Updated: Dec 3, 2020
Originally published for Forbes - Feb 8, 2017
Until recently, “innovator” wasn't an official role at many companies. It was unofficially reserved for those who were pioneers in their fields. While this hasn’t changed, more companies are now proactively seeking out innovators rather than discovering them as fortunate byproducts of a job well done.
Today, a role in innovation is highly coveted. However, it’s hard to describe and even harder to demonstrate how it moves the needle within an organization. But to be sure, innovation has moved every needle in every organization.
I’ve seen firsthand what it takes to go against common thinking to arrive at innovation. The technology company I started introduced real-time TV measurement to an industry accustomed to waiting 30 days for the same data -- no one had thought about it yet. Along the way, I’ve touched nearly every aspect of the business, including product, marketing, sales, and accounts. At times, I was even the janitor. But through it all, one role was consistent: the innovator.
Recently I decided to return to creating innovative business opportunities like I had in the early days, and I took on the role of The Strategic Head of Innovative Technologies. But such a position might be hard for other companies to quantify and fill based on standard qualifications. The fact of the matter is that there is no one way to define innovators. Who are they? How do they get it done? While the process of innovation is fairly complex, there are a few little-known rules that seem to guide all innovators.
Rule One: They Start With “What if …”
These two words are a statement, not a question, born of a rare curiosity and naiveté that moves a seemingly rational person to question the most profitable situations, in the same manner, they’d question the least. It results in deconstructing and reconstructing iteratively while others judge their efforts as futile, irrelevant, or antagonistic. In a world of square holes, the innovator is a round peg who sees past the current limitations that define and restrict others.
In a conversation about innovation, it's hard not to mention Steve Jobs — especially when it comes to questioning the status quo. For over a decade, Nokia and Blackberry were industry leaders in both personal and business cell phones, due to their cost-effectiveness and reliability. But then in 2007 something crazy happened: Apple and its CEO Steve Jobs didn’t just introduce a better phone, they completely redefined expectations of what a phone could do.
Rule 2: They Don’t Confuse Innovation With Invention
Think of invention as the stacks of patents behind the circuitry, processors, connectivity, and form factors. And think of innovation as the smartphone. Nikola Tesla was one of the greatest inventors that ever lived, but he didn't redefine his industry the way Steve Jobs did.
Necessity drives invention but binds the inventor from moving forward. The innovator pushes through known limitations, not by creating immediate solutions, but by redefining problems altogether and then stepping into the unknown to solve them.
Rule 3: Their Ideas Look Like Failure In The Beginning
When innovators share what they’re working on early in the process, they open the floodgates to premature criticism. This is only natural considering that innovation stems from a singular vision that no one else sees yet.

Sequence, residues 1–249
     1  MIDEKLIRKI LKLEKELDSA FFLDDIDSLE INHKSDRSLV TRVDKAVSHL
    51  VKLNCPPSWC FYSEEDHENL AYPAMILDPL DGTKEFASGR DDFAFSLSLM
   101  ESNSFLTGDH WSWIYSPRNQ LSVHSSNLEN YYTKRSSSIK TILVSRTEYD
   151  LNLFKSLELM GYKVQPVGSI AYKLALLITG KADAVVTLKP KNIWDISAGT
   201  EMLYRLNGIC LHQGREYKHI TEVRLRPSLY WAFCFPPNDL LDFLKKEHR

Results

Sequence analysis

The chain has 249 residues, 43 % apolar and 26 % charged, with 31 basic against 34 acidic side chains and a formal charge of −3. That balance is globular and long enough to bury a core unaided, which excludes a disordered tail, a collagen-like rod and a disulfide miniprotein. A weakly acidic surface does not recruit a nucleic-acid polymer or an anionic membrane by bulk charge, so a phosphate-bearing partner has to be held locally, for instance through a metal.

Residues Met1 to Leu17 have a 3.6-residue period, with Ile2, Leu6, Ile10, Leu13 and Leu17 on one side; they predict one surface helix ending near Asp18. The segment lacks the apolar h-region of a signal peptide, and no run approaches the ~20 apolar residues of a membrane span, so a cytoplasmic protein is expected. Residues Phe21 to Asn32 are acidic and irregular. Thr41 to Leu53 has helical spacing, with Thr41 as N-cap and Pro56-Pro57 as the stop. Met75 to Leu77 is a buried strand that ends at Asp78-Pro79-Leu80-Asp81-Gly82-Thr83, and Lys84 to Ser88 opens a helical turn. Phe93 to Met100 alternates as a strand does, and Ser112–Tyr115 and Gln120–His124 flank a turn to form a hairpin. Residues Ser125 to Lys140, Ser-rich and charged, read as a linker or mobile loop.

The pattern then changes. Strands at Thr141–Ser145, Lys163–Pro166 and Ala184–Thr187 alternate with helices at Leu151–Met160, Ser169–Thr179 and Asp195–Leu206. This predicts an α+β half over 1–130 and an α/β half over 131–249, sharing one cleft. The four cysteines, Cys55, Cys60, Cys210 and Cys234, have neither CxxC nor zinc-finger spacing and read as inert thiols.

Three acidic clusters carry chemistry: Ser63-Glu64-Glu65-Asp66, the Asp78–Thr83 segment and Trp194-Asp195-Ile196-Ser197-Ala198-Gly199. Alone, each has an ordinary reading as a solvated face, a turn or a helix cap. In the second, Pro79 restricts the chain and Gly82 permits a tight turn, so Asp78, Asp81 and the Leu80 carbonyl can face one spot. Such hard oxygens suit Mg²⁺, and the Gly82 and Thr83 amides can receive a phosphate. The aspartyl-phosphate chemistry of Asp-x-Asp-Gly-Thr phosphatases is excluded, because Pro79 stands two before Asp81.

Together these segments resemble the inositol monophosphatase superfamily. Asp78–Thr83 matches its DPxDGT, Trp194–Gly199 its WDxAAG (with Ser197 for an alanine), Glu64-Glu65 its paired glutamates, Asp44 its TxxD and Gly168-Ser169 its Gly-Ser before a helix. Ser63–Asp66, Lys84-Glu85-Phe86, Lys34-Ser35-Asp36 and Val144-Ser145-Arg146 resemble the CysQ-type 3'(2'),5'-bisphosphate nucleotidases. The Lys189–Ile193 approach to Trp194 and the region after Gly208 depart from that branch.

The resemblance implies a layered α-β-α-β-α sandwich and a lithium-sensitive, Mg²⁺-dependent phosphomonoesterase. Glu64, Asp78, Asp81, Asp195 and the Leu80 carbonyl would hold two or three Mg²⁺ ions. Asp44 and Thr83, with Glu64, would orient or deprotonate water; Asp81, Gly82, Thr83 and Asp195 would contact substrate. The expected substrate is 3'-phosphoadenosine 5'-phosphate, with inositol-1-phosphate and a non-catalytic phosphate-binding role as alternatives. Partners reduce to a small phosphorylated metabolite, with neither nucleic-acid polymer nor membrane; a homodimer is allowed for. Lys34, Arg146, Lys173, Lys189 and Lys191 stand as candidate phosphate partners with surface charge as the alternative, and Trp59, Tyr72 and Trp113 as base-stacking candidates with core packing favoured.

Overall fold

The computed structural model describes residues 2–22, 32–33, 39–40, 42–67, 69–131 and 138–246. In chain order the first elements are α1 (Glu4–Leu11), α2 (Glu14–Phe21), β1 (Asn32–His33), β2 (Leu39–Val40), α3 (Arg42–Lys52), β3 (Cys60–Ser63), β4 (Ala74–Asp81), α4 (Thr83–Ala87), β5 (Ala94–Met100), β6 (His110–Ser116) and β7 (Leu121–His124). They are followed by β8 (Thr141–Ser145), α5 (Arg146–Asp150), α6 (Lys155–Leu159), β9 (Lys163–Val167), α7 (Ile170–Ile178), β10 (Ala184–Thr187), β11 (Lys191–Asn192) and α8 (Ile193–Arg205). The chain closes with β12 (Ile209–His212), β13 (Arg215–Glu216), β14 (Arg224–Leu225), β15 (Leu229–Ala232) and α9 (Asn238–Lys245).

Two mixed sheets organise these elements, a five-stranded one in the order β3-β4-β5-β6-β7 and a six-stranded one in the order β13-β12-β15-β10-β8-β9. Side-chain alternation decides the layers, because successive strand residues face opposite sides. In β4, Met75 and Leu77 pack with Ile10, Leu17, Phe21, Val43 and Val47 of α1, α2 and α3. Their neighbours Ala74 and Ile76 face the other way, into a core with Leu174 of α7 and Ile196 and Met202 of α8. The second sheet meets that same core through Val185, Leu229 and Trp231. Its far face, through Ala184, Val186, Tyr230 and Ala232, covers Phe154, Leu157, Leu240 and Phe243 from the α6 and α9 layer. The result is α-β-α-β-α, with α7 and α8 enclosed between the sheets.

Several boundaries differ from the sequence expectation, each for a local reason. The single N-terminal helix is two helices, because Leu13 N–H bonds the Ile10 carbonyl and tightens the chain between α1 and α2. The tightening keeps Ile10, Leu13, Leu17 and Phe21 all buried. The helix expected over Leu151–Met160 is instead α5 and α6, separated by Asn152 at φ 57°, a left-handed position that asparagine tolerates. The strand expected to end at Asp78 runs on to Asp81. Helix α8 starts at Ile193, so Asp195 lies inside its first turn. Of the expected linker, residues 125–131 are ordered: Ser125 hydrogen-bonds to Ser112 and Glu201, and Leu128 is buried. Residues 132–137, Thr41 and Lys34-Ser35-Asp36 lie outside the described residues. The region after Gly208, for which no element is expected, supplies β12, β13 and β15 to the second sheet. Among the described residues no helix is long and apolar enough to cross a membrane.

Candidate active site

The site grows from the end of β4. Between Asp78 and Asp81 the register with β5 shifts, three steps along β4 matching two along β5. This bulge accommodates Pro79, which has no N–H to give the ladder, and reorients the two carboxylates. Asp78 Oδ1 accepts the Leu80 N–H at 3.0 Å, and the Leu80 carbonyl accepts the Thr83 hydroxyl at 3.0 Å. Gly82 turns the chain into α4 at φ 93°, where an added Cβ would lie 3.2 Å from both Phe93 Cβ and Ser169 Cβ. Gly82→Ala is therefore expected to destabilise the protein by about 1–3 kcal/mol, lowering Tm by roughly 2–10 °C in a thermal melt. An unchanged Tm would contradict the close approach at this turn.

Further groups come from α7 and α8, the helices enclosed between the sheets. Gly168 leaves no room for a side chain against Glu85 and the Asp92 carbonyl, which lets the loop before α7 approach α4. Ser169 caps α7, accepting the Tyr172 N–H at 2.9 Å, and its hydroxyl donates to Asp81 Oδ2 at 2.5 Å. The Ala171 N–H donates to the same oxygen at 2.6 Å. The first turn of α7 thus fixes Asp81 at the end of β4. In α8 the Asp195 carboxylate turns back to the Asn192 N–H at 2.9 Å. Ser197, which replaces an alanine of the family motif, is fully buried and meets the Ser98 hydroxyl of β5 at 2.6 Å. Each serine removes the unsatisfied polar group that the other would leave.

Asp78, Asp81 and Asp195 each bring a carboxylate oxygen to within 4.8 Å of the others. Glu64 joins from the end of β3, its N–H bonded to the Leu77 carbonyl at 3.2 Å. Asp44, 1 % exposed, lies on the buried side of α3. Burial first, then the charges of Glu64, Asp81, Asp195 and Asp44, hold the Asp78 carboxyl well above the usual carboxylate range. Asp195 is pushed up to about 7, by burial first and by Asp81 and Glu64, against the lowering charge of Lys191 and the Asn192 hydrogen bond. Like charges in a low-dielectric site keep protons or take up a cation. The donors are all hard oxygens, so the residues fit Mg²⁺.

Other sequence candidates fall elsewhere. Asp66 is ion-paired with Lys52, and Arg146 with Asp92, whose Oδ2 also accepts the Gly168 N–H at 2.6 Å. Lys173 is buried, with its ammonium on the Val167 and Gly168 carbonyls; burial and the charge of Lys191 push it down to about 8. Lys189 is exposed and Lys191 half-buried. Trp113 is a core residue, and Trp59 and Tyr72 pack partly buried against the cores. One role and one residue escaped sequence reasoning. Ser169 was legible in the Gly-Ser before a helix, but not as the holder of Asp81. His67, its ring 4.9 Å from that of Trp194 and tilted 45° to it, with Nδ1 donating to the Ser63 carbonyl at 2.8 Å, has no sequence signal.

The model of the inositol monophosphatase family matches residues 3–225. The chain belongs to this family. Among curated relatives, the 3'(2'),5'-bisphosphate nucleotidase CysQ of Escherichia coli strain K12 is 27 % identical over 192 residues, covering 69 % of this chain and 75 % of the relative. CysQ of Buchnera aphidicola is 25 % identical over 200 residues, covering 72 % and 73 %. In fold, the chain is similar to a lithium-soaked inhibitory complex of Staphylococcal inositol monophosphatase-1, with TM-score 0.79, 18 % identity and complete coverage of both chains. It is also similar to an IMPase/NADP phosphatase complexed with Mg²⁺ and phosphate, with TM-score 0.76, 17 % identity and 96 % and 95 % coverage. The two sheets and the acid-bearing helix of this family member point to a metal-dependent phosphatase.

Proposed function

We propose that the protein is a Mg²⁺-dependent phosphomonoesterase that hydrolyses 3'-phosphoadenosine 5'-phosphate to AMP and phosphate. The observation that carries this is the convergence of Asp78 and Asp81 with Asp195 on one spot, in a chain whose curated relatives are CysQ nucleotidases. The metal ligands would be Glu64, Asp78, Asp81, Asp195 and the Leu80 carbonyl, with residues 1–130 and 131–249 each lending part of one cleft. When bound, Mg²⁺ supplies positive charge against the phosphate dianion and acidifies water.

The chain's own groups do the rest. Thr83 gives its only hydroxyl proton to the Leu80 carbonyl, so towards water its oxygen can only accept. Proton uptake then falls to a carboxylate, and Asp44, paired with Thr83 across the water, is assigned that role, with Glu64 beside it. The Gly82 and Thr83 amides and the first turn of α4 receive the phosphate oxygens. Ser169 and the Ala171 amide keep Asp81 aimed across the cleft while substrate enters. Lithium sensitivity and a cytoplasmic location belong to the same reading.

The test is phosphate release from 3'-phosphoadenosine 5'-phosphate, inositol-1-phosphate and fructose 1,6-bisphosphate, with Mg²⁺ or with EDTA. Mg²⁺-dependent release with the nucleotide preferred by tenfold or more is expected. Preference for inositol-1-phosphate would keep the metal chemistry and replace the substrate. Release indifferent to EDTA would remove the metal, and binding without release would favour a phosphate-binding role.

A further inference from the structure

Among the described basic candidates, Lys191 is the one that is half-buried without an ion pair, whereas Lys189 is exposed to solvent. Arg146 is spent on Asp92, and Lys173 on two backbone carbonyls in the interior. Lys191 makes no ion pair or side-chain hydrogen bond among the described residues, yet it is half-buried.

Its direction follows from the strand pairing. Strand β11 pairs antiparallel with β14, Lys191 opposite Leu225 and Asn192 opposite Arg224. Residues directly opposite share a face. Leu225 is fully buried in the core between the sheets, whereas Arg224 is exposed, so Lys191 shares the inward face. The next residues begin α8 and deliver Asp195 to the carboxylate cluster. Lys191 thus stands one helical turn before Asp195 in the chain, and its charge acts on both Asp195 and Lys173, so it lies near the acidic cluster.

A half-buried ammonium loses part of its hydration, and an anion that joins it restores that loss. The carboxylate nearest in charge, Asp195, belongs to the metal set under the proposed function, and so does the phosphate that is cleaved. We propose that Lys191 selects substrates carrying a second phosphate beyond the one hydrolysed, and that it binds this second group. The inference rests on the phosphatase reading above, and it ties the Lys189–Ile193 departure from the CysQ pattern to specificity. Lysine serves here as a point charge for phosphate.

Seasoned innovators have learned through experience to be wary of upfront collaboration. It’s difficult to explain motives around an intangible concept, especially considering that, by definition, they can’t point to others who are doing the same thing.
To the outsider, no one else is working on it for good reason: Innovation can look a lot like a failure in the beginning. Remember that even personal computing was considered technological folly in the 1970s, and pioneers in the space were mocked for developing such an unnecessary product. In fact, Ken Olsen, founder of Digital Equipment Corporation, is famously quoted as saying, "There is no reason anyone would want a computer in their home."
Rule 4: They Inevitably Have To Defend Their Ideas
Innovators know they’re onto something good when they come face to face with three final challenges on the path to adoption. The first challenge is the incumbents in the space; competitors who fear the impact of new ideas. These competitors may assault the viability of the perceived threat, and try to eliminate early signs of disruption. The next challenge is the end customer, who will question the need for such drastic change — mostly from the perspective of not wanting to change their habits. And the final challenge, which builds on the previous two, is the investor. Because innovation is judged against a standard and tangible criteria, like progress to date, market penetration, and the addressable markets, the investor watches how the innovator addresses competitors’ attempts to keep them down, and how the end customer reacts to the changes.
Knowing that these challenges are inevitable for progressing their innovation, the innovator should prepare to face them head-on and defend their ideas at all costs.
Rule 5: They Know They Need To Step Back
Innovators often think they want to be engrossed in the daily operations, but they quickly learn that their role is to innovate, not operate. True innovators get out of the way and let others bring their work to market.
For me, this meant leaving my ego behind to enable the company to become successful in standard operating mode. It wasn’t what I had originally planned to do, but it was something I had to do to move the company forward. Turning over ultimate authority to others in the organization was difficult, but it gave me the time to refocus on the next phases of innovation and to again consider “What if…”